The town of Sackville is dear to me. It has been my home on and off for almost eight years now, and I have a rich sense of community and of cultural life here. But the population peaks at 8000 when the school year is in full swing. What might draw a person here from London, Berlin, New York?
Well, for one thing, the fact that the population peaks at 8000. I learned in time that the Old World cosmopolitanism which held such allure for me was a stuffed shirt to Williams. What he was after was New World charm. In a recent, unpublished “Text Montage,” he writes of the Sunday service at a Sackville church with a particularly enthusiastic congregation:
I’d seen these men and women become enthralled in worship, spontaneously sharing a dream they’d had the night before with the congregation, unashamedly intoning songs in arrangements for out of tune guitar, tambourine and Hammond organ, more moving and true than most of the recitals I was to witness at the Conservatory…. I admired their whole-hearted commitment, their utter lack of city slick.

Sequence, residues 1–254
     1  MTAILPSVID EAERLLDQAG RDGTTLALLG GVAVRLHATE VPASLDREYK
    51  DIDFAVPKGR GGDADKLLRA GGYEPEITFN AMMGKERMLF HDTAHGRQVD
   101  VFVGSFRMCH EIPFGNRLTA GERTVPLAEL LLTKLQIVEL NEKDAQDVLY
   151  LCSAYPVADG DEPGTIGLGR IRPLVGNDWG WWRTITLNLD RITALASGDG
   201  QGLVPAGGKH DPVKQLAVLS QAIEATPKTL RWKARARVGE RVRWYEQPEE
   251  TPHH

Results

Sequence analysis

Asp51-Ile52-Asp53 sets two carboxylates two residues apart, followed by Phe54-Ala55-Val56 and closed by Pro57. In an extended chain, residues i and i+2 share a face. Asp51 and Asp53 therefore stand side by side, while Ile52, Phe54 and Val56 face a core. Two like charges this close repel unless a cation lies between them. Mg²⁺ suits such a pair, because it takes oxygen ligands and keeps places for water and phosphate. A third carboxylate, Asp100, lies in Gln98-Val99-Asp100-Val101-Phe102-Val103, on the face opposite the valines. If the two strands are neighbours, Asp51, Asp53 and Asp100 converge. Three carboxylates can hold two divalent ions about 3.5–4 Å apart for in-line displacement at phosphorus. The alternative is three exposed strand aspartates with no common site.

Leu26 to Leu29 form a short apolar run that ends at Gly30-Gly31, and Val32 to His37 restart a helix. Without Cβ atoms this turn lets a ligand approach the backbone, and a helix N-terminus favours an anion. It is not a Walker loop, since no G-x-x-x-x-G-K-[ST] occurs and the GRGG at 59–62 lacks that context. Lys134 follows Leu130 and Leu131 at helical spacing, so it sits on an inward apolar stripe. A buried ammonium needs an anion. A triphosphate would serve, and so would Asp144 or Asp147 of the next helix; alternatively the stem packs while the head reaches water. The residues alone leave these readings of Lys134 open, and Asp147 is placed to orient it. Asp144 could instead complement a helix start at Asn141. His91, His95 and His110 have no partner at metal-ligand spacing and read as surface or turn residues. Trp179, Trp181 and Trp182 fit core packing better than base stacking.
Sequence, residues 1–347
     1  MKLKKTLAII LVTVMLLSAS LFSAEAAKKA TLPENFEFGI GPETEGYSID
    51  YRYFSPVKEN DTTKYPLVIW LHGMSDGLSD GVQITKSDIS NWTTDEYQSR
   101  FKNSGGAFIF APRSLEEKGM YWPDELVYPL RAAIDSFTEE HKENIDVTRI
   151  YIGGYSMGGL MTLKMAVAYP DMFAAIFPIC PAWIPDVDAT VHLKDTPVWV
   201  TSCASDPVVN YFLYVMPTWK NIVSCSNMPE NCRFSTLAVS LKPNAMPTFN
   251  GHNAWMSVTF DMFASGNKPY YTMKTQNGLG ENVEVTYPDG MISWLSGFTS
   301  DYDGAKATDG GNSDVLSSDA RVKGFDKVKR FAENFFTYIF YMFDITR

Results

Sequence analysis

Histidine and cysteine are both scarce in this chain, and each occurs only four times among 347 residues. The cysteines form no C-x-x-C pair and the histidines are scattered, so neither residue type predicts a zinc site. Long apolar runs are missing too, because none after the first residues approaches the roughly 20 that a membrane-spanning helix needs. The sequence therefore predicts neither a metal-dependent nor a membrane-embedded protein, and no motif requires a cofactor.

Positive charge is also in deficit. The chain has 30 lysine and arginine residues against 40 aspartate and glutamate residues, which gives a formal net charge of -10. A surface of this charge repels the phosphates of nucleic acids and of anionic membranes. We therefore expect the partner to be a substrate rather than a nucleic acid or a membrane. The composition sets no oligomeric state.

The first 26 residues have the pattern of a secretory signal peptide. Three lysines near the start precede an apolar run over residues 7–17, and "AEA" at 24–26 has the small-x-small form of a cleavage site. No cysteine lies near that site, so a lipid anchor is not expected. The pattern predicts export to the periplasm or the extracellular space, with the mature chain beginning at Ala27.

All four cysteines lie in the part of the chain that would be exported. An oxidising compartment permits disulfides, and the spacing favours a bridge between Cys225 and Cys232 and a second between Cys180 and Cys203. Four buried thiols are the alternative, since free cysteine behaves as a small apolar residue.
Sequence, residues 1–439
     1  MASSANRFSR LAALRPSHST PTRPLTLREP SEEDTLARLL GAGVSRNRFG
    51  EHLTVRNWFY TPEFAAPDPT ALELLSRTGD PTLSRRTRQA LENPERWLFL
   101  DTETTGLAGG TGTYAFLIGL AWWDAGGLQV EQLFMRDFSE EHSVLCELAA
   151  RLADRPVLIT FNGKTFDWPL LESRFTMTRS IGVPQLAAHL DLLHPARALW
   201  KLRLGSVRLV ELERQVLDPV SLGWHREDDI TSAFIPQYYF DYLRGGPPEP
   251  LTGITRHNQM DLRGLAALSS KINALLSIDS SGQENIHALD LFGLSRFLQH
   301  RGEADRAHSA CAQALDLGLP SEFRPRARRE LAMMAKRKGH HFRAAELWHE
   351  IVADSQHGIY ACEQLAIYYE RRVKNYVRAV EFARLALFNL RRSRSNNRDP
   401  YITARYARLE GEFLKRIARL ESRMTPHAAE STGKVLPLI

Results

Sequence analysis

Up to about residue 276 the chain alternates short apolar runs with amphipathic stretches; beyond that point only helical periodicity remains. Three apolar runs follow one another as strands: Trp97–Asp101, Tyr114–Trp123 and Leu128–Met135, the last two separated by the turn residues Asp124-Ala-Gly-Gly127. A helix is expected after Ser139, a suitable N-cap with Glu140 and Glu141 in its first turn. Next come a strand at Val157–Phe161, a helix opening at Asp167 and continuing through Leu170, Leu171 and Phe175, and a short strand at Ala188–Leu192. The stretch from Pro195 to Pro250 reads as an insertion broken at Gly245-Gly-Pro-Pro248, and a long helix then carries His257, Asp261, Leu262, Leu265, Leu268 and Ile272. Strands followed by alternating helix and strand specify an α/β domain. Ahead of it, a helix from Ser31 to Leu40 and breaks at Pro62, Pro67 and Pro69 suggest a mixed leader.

What to me represented a sort of rube-ish credulity, then, to him represented authenticity, a lack of pretense. Williams had given up on his Old World education when he tired of being told he needed to have studied Latin in high school if he wanted to go on to study anything else. I had despaired of my New World education when I found out that my high school didn’t offer Latin classes. Williams was something of a looking-glass creature to me.